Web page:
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May 23, 2009

How Google Chrome Is Not Like Other Browsers

The Notre Dame commencement is history, but the Catholic identity battle continues

Colleen Carroll Campbell does a superb job of outlining some key implications of the recent Notre Dame scandal and what we should be watching for in its aftermath:

The brouhaha over President Barack Obama's appearance at the University of 
Notre Dame culminated Sunday with apparent defeat for pro-life Catholics. The 
university's hotly contested plan to bestow an honorary degree on Obama, a 
staunch supporter of legalized abortion and embryonic stem cell research, went 
off without a hitch. 

The president entered the university's Joyce Center arena to robust applause 
and enjoyed several standing ovations in the course of the commencement 
ceremony. Reporters contrasted Obama's well-received plea for transcending 
differences on abortion and embryonic research with the demonstrations of a few 
anti-Obama hecklers in the arena and several hundred vocal protesters on the 
edge of campus. Scant press was given to the much larger, more decorous 
gathering of Notre Dame students and faculty and other Catholics who filled the 
campus' main quad that day for an open-air pro-life Mass and peaceful protest 
rally, or to the coalition of pro-life students who gathered the evening before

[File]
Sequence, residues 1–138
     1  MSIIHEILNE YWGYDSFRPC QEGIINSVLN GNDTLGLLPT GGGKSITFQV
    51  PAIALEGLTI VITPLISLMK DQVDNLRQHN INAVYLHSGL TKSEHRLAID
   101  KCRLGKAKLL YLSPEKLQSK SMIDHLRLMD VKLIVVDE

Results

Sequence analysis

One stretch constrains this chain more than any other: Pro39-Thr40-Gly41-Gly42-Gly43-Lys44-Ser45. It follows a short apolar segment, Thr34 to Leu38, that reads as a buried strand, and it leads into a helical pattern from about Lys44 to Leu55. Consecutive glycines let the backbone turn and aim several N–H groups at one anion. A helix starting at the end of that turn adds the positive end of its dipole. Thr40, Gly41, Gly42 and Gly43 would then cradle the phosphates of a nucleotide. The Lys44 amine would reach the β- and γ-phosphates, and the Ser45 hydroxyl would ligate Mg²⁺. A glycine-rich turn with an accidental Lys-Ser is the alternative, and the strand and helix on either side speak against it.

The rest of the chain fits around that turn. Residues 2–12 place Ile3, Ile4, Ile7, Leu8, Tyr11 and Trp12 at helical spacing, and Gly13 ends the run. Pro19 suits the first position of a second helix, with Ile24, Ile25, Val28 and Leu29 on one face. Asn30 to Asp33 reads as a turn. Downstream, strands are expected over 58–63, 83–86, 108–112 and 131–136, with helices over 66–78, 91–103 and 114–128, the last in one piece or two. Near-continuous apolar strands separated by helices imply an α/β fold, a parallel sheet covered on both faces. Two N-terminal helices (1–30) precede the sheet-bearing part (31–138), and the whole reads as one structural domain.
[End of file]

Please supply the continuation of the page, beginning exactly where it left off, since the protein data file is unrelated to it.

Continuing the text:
for an all-night campus prayer vigil. 

The dominant story line that emerged from South Bend on Sunday was that of a 
short-lived struggle that came to a swift, tidy resolution. A moderate 
president and enlightened university administrators took on a small band of 
anti-abortion extremists. And the forces of progress prevailed. 

Comforting as that story line may be to Notre Dame administrators and the 
Catholics who supported their decision to honor Obama, it ignores the true 
novelty of this controversy, which has been in national headlines for months.

That novelty has nothing to do with Notre Dame's willingness to fete a 
politician who publicly opposes fundamental moral teachings of the Catholic 
Church. That's par for the course at a university that long ago opted to put 
secular prestige before fidelity to Catholic doctrine, and for the many other 
Catholic universities that have followed suit.

Nor was there anything original about Obama's answer to America's abortion 
debate — let's agree to disagree — and the fact that it was applauded by a 
crowd of Catholics more wedded to the post-modern doctrine of moral relativism 
than to Catholic teaching about the sanctity of unborn human life. Cafeteria 
Catholicism is old news in America. So is the idea that endless dialogue 
constitutes a morally sufficient response to the systematic denial of basic 
human rights to an entire class of human beings. Slaveholders and segregation 
supporters spent centuries making the same claim. 

What was unusual about the Notre Dame controversy was that it sparked 
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